Sports programs were full of feel-good images of Major Leaguers sliding down wet Pennsylvania hills on cardboard alongside Little Leaguers. At times, ESPN broadcasts missed critical pitches in Little League games because they were playing footage of arriving buses carrying the big league teams into town, or of the Major Leaguers signing autographs. During one inclement weather delay, the announcers interviewed injured Angels player and three-time American League MVP Mike Trout about what being at Williamsport meant to him.
Despite such public relations offensives, there are real questions about baseball’s future as a premier professional sport in the United States. Professional ball is marred by cheating scandals, notably the electronic sign-stealing and subterfuge of the Houston Astros. New rules designed to speed up the game, and encourage more action, have failed. Major League Baseball has produced fewer Black American ballplayers than in the past, and executive level positions are still dominated by white men.
And all of this is to say nothing of the controversy surrounding how the big leagues have handled the COVID-19 pandemic this season, admitting full stadiums of unmasked fans in many cases, and not requiring vaccinations among players.
Major League Baseball may be interested in Little League as a way to create interest in the pro game. But, for me, what has been so interesting and wonderful about watching the Little League Baseball World Series this summer is that it is precisely unlike Major League Baseball. Professional athletes often respond to media requests for a post-game narration of a key play with sneering reluctance and boring soundbites. But Little Leaguers just smile, excited to explain exactly how a play went down. For them, it’s fun to talk to a reporter or be on TV.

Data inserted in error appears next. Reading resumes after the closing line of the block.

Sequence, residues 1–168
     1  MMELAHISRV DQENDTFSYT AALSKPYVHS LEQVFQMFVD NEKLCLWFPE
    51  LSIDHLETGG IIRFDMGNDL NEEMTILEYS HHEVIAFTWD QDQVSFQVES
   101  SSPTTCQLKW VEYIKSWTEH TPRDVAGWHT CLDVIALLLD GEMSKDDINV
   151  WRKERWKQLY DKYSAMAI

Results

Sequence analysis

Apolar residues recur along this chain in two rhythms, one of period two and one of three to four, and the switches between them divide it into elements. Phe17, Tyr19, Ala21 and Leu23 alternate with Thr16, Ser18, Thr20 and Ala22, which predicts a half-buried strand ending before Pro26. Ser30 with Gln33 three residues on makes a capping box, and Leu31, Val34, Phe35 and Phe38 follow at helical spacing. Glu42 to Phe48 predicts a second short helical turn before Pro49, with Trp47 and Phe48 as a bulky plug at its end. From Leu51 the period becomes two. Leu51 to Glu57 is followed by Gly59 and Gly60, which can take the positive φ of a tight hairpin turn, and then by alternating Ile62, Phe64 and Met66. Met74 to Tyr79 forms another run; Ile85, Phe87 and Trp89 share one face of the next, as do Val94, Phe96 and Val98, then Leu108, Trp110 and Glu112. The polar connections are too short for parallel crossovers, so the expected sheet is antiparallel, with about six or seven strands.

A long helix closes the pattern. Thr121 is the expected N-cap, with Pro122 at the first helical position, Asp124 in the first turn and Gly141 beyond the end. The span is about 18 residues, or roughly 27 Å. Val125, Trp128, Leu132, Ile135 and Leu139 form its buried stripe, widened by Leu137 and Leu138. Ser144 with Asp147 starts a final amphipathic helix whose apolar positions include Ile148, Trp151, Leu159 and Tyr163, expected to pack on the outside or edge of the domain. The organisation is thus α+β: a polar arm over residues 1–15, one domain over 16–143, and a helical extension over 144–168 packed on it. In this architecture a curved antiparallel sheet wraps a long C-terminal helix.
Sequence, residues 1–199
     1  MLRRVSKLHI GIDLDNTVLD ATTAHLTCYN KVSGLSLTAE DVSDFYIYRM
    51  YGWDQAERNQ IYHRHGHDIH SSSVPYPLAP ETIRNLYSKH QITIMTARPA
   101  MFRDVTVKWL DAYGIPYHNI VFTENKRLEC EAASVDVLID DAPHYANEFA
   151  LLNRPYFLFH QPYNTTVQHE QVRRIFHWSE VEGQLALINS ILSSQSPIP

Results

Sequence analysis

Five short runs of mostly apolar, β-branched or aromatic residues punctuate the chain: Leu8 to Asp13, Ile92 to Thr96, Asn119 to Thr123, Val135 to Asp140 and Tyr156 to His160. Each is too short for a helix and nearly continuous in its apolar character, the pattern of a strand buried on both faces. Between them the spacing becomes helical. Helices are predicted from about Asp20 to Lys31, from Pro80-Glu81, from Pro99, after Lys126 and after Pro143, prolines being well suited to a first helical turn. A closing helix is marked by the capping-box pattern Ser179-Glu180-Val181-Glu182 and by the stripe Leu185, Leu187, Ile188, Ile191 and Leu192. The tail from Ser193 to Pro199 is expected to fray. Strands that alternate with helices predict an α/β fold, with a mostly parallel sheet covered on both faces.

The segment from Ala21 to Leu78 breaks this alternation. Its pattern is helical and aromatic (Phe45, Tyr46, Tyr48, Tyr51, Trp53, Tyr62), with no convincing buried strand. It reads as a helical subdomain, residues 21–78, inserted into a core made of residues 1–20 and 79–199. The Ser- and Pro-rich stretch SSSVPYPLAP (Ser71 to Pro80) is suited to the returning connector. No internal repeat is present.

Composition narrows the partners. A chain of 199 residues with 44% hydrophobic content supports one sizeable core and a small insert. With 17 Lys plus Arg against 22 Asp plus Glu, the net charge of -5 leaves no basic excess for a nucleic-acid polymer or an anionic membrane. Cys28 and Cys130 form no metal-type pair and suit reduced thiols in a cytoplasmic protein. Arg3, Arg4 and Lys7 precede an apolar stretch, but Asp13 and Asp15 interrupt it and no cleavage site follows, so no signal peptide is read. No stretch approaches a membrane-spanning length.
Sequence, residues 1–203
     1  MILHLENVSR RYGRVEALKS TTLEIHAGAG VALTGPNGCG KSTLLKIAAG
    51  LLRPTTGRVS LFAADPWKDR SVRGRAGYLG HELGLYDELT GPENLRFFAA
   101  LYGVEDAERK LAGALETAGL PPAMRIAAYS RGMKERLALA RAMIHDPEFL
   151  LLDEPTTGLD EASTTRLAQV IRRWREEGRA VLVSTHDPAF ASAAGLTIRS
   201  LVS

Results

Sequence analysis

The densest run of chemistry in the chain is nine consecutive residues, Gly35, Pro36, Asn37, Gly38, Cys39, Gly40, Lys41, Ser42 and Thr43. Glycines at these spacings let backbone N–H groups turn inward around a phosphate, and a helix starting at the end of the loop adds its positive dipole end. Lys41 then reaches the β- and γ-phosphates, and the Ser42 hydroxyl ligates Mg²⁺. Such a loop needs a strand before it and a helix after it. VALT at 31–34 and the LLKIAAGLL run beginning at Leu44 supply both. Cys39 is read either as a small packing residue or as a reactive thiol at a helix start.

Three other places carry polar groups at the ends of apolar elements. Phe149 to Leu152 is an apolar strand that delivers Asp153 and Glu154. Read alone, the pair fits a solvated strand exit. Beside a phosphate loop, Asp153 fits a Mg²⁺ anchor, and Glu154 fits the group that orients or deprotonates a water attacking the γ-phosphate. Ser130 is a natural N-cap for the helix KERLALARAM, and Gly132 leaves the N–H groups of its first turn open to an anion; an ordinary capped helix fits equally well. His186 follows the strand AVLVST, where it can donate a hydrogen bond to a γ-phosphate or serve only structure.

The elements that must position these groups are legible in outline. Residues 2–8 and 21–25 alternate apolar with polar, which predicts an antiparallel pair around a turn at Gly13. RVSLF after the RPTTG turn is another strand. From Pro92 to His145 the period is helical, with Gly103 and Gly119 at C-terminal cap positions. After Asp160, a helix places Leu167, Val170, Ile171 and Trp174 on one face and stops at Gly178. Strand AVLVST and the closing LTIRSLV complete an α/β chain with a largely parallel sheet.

I watch the games not to see Mike Trout reflect on the value of Little League, but to see a player’s mother smile and roll her eyes in answer to a question about when her son developed his signature shoulder shimmy before throwing a pitch. I watch the games to see the kids tell a deflated teammate that it’s okay that he struck out, that he’ll get ’em next time. I watch the games to see a scrawny kid who’s a head shorter than everyone else get a hit. I watch the games to see the kids celebrate, and then collectively realize that they need to wave their caps at the opposing team as the COVID-19 era equivalent of shaking hands.
I watch the games because they feature kids who like to have fun—who deserve to have fun after a year and a half marked by the pandemic. The Little League Baseball World Series features exceptional ballplayers. Many of these elite athletes throw pitches at 70 miles an hour. They make spectacular plays in the field. But I don’t watch the Little League Baseball World Series because of the level of play. I watch because it is fun to see kids being kids—sometimes smiling, sometimes goofing around, other times frustrated and forlorn. And for that, I can skip the spectacle of the Little League Baseball World Series and head to the baseball field next to our local elementary school and watch Little League games this season. Sure, those games likely won’t include the superstar baseball players in the Little League Baseball World Series. But they’ll be even more fun to watch.